January Community TeleGraham: Customer Spotlight
The Community Phone team is proud to send out our sixth monthly TeleGraham, where we share some exciting news and profile a few of our most creative customers. This was arguably our most exciting month yet. Welcome to our new customers!
As a little reminder, our plans start at $25/month and all come with unlimited calls and texts. New smartphones, including iPhones, start at only $5/month. Also, with our Care To Share Program, if someone signs up for our service with your recommendation, you both receive a free month of cell service up to $75 each!
The Boston Globe’s January 5th Cover
Community Phone was featured on the front cover of the January 5th Boston Globe! Technology and business reporter Andy Rosen interviewed the Community Phone team over several days, exploring what makes our mission unique, how we have been able to grow so quickly, and why our customers are so very special. We hope you check it out!
Read The Article Here!
A Brilliant Jewelry Designer
In the monthly Member Spotlight, we showcase one of our wonderful members, to show how extraordinary members in the Community really are. This month’s spotlight features the talented Lori Hubner, whose beautiful jewelry mirrors her personal journey into wholistic healing. To give Lori’s work the coverage it deserves, we’ve chosen to include a digital exhibit showcasing her favorite pieces. Under each image you can learn a bit about Lori’s process and inspiration. We conclude with a brief interview with Lori about her journey into jewelry design.
“Little Mouse Dreams in Winter”: Unakite, a pink and green jasper, is mined in the North Carolina Unikas Mountains. A heart and mind healing mineral, it can help balance spirit and emotions; it can help one move from outgrown beliefs towards the New. It is helpful in releasing energy blockages. In this necklace, Little Mouse (hand carved Japanese boxwood) is curled up, dreaming of Spring.
“Homage to Game of Thrones” : This 32” adjustable necklace features sterling silver findings and a spectacular 2 3/4” sterling dragon. Beadwork consists of 2 types of Czech glass and veined quartz beads, reminiscent of dragon scales.
“Furnace”: From volcanoes come lava and grey stone. Glass beads are fired by the artist in a furnace. This 24” necklace is a fused statement of art and nature in minerals, glass, Swarovski crystals, and sterling silver. Wear it, and feel the energies of Creation.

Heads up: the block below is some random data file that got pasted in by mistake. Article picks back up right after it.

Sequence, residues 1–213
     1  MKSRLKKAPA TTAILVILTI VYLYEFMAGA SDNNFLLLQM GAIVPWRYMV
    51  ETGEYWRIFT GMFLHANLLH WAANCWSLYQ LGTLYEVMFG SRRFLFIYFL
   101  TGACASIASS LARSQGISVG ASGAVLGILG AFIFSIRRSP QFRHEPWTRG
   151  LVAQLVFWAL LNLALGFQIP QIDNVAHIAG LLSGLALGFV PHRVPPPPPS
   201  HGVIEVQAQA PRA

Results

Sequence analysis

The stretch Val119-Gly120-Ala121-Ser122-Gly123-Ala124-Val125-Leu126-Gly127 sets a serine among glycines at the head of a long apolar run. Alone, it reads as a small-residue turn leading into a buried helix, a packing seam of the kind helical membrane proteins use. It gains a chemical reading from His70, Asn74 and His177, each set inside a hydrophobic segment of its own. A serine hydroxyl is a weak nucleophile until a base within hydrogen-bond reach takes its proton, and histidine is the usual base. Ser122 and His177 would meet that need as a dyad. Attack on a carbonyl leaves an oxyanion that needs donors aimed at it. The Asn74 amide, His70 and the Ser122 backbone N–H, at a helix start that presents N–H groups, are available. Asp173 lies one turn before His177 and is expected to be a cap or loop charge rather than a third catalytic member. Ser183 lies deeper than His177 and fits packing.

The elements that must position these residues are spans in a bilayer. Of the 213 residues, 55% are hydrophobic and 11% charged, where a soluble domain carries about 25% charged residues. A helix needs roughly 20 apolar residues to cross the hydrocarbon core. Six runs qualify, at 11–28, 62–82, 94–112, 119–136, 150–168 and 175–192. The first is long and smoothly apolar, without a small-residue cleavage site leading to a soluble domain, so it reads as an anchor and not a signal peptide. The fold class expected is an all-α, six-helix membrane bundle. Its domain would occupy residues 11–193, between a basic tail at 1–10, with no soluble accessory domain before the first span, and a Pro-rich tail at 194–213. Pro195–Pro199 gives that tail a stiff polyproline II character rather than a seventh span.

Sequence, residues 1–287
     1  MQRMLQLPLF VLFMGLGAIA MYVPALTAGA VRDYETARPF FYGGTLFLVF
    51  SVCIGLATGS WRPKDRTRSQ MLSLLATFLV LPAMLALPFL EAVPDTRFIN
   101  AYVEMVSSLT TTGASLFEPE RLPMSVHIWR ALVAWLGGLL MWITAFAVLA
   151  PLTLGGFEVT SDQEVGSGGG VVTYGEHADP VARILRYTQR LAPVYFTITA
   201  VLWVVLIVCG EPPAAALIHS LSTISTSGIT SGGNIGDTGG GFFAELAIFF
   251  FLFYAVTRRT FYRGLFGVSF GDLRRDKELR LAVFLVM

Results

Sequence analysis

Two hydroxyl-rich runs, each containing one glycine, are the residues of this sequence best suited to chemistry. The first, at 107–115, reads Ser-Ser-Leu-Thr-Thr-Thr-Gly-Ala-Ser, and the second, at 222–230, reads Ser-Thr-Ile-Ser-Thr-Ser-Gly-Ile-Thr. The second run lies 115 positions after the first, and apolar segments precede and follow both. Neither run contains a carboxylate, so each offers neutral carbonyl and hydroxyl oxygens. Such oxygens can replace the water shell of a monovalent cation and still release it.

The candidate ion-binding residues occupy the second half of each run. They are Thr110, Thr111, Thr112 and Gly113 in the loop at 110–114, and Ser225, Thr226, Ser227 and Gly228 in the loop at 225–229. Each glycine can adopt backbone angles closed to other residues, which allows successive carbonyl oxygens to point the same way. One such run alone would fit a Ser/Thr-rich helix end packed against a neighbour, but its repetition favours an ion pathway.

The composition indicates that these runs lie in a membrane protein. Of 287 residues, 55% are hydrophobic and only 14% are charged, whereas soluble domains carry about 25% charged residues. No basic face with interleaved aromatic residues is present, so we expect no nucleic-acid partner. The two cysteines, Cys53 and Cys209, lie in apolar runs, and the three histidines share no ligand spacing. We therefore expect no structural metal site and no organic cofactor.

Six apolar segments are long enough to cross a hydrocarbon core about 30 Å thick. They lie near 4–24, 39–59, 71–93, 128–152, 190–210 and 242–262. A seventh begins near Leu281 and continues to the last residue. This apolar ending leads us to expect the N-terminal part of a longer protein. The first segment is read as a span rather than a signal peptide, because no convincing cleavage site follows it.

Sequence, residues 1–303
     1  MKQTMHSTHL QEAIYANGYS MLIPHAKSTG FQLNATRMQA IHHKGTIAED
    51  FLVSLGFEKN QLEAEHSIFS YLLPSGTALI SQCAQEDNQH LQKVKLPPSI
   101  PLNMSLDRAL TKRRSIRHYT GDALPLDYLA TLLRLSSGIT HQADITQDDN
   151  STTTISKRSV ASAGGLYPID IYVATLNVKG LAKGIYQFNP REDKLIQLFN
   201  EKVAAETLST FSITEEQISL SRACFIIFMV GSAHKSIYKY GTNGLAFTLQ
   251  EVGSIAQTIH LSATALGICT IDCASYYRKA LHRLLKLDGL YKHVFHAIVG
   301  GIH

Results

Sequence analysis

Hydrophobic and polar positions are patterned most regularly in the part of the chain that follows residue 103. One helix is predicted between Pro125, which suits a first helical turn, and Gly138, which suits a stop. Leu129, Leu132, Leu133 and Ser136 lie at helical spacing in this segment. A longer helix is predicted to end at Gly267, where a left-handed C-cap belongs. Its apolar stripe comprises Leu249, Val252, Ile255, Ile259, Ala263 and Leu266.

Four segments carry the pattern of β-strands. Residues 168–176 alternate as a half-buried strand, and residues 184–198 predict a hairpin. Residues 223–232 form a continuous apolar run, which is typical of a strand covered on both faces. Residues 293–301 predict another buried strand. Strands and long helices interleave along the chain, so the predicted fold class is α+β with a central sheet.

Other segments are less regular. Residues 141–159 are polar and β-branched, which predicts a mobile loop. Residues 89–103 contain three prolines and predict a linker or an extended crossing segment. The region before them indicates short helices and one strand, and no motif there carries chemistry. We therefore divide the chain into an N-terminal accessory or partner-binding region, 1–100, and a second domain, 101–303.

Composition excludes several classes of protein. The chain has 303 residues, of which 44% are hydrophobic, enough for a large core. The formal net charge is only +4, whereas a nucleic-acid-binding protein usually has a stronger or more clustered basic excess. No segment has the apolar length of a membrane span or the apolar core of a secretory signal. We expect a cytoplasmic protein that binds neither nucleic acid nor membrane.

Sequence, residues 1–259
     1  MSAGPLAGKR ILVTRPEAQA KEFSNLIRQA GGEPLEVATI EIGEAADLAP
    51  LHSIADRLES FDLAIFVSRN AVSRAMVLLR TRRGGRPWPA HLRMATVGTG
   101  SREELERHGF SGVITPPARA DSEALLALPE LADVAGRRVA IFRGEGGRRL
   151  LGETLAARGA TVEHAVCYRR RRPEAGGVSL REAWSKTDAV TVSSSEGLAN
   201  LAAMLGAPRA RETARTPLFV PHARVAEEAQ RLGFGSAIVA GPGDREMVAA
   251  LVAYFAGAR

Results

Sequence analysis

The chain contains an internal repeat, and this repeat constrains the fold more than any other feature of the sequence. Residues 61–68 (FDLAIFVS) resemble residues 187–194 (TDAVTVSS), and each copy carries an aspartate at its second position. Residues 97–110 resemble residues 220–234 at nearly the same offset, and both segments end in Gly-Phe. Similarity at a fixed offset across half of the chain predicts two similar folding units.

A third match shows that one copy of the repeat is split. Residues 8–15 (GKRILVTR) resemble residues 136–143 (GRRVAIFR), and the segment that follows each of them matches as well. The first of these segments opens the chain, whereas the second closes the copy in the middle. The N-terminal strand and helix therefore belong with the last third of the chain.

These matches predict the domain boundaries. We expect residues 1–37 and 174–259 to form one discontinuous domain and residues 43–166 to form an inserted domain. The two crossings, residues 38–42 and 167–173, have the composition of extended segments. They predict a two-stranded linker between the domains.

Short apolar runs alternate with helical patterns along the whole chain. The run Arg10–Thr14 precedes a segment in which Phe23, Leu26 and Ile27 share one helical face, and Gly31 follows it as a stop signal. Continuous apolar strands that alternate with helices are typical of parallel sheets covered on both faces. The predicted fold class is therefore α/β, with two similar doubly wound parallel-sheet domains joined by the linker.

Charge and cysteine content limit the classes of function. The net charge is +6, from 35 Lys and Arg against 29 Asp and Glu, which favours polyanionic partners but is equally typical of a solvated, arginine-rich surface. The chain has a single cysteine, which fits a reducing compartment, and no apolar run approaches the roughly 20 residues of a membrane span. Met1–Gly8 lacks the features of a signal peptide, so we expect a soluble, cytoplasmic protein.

“Transcendent Spirit”: This 30” amazonite necklace with a 1 1/2” porcelain pendant of a dragonfly and lotus is as unique as you. The accents are sterling and Hill Tribe silver, ending in a spirit lock amulet.
“Dew Drop”: 25” of jade beads and chips end with a pendant of a 2” sterling silver leaf and a single Swarovski crystal. Sterling silver accents.
“Brickell Bay Pigeons”: The idea for this utterly unique 27” necklace originated during a stroll through Miami’s Brickell Bay area. The peridot represents the sun-drenched grass where I noticed the pigeons had pink feet and shiny black toes (thus the pearlized pink glass beads and black onyx). The iridescent ceramic beads represent their feathers. The sterling and cubic zirconia clasp are Miami “bling!”
“Buddha Lights”: A quiet statement of spirituality, this necklace’s Swarovski pendant features a seated Buddha.The 5 auspicious colors of Tibetan Buddhism, known as the 5 Pure Lights, are pearls and Swarovski crystals. The clear, luminous geometric beads represent meaningful numbers in the tradition. A brief interview with Lori Hubner:
What excites you about making jewelry?
Jewelry making has come to me as a natural progression of my life’s journeys. As a student and teacher of literature, I was lead to philosophy, which led to the healing paths of nurse and reiki master. Through an apprenticeship in plant medicine, I was introduced to shamanic practice. These connected me to healing, to the plant, animal, and mineral realms. I express this in healing ceremony, and in making jewelry, medicine bags, and (untraditional) malas. It is an intense, utterly absorbing process to find materials that “speak” to me, and then fashion them into one of a kind objects of beauty, harmony, and healing. Also wonderful is to work with a client, finding, for example, a mineral energy that resonates with their esthetic and wholistic sensibility.
Has technology influenced your creative process?
In the broadest sense, the on-line world makes supplies, images, and information available to me from a multitude of sources, far more extensive and intriguing than I would otherwise have encountered.
How can interested people learn more about your work?
Please contact me at my business, Breath, Spirit, Wind at the email address of firstname.lastname@example.org.